Xiao Lu’s gunshot which led to the sudden “death” of the China/Avant-Garde exhibition in 1989 shows the difficulties performance art have had in China. In 1995, the famous artist Ma Liuming was arrested when he performed his “Lunch series” in Beijing East Village.
After more than two decades of struggle the Chinese artists finally obtained the formal and stylistic freedom of making art. The growing art market also contributed to this triumph. To what degree new art can be accepted by the official art institutions outside the metropolitans is, however, yet to be seen.
A few more lines need to be written about film censorship. Art and film are related, if we consider both as visual culture. But there are special rules for film. The censorship of films is regulated by SARFT – The State Administration of Radio, Film and Television. An English translation of the regulation can be found here (info.hktdc.com). It is important to notice that the term “censorship” (shen cha in Chinese) is used by the Chinese authority. The regulation provides us the clearest answer to the question of where the red lines lies in the film industry. Here, I focus on LGBT-related films.
In ‘Secret Love’, I show a few independent documentary films. What I did not take up in the exhibition is the multitude of feature films with gay, lesbian and transsexual people produced in China since 1996. The first gay film was Zhang Yuan’s East Palace, West Palace, which was followed by other so-called underground films, but it has not been possible to show them in cinemas or on TV in China. This is also true for other similar films from Hong Kong, Taiwan and the West – Ang Lee’s Brokeback Mountain is also among the films which cannot be shown. You can buy pirate copies or download them from the internet; prohibited material is often popular in China. Nevertheless, a forbidden film loses its potential to reach out and affect a broader audience. Attempts at organising public viewings of these films have been made. One example is the Beijing Queer Film Festival, which is on its fifth round since 2001.
The organiser, Yang Yang and her team have met with resistance and difficulties at every the festival time after time.
In the regulation by SARFT, it is stated clearly, among other conditions, that films containing any of the following contents must be cut or altered:
Showing obscene and vulgar content, exposing scenes of promiscuity, rape, prostitution, sexual acts, perversion, homosexuality, masturbation and private body parts including the male or female genitalia; containing dirty and vulgar dialogues, songs, background music and sound effects
Despite the fact that homosexuality is no longer illegal in China since 1997, films containing such content are not allowed to be shown publicly according to SARFT, the institution which issues the permit for any film to be shown publicly. This is a bizarre situation. The law should be respected and the regulation is not logical even from the point of view of Chinese law – perhaps this is one thing which international efforts such as a conference like this could point finger on and helps to develop a strategy to counter censorship for the film makers in China.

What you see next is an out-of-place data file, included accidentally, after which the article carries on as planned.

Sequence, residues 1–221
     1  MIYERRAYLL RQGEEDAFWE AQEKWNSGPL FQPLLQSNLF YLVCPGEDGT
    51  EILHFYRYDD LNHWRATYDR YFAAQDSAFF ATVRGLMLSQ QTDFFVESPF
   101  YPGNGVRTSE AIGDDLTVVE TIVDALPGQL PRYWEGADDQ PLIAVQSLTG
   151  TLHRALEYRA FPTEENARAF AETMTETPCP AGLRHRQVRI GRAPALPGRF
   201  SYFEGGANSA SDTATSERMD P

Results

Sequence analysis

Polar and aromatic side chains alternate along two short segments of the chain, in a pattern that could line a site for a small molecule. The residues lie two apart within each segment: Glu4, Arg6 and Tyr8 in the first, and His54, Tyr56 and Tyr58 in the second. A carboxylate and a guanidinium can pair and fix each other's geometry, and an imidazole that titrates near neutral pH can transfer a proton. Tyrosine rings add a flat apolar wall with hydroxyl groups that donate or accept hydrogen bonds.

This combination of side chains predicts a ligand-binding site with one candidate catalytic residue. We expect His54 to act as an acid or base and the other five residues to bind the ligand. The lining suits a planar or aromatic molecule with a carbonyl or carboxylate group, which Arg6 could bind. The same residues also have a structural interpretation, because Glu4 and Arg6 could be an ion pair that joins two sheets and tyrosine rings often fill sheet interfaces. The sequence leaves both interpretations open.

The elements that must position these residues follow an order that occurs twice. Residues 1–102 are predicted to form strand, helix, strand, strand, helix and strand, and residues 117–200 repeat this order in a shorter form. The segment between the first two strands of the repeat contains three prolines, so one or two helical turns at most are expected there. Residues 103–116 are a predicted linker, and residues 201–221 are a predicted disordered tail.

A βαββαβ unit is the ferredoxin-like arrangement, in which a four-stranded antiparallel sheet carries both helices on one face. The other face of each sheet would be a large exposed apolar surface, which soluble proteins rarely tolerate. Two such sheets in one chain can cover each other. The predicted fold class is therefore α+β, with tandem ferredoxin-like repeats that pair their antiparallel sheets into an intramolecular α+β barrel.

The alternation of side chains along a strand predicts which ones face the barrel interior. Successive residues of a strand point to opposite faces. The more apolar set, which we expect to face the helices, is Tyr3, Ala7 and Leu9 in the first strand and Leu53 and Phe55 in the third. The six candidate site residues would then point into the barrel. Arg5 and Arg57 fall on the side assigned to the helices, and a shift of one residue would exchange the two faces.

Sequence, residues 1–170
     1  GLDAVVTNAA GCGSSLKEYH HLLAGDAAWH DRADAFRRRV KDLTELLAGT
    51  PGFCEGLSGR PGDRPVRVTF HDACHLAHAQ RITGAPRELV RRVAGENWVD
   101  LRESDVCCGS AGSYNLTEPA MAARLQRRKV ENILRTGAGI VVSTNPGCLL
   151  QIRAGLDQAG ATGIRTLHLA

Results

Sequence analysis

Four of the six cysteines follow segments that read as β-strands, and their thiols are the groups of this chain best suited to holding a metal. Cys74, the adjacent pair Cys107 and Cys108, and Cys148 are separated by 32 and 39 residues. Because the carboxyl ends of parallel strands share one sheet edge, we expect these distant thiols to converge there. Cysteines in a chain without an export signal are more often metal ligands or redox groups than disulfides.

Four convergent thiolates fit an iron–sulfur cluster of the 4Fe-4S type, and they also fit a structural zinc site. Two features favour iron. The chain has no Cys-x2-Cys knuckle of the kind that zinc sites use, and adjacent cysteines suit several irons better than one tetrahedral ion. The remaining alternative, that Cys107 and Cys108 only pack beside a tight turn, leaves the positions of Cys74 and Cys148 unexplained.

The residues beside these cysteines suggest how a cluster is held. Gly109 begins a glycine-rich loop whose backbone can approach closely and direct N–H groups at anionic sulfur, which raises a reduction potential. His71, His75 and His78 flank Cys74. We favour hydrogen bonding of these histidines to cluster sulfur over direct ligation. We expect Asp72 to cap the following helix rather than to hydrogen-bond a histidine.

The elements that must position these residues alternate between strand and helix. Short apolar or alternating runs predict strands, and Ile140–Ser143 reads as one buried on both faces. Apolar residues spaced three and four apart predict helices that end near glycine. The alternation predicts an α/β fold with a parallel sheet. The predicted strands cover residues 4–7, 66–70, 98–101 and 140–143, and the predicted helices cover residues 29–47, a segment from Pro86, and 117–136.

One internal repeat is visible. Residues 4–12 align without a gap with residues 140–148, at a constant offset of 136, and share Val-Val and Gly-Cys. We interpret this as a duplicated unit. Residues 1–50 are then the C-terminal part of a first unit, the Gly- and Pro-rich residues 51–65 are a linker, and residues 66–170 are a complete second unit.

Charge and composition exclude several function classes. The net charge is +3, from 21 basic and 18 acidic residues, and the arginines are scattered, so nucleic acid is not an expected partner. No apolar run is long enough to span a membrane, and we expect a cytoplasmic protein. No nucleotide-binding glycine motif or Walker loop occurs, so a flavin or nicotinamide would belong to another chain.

Rapid and radical economic growth has been taking place in China during the past decades, bringing large-scale, pervasive social change. Consciousness of individual rights is increasing, and in this process, traditional conservative approaches and values are also changing. This rapid development is reflected in the visual arts, which in turn can affect the social processes and contribute to the formation of a new, different reality. Political censorship of art is only one of several aspects. Moral and aesthetic codes set more difficulties for the freedom of expression in the visual culture in China. I believe that the increasing awareness of individual rights and respect for human desires will finally change the landscape of art and set it free. In this process, fighters in the front line are needed, but it requires also many, many more to stand behind.
Si Han is a curator of the Chinese collections at the Museum of Far Eastern Antiquities in Stockholm and he is a guest professor at China Central Academy of Fine Art, Beijing. He is the curator of the Secret Love exhibition, which will be opened in the fall 2012 and is the first major exhibition of Chinese contemporary art on the subject of taboo love.
Ren Hang, Untitled, Photography, 2008
Poster, Fifth Beijing Queer Film Festival, 2011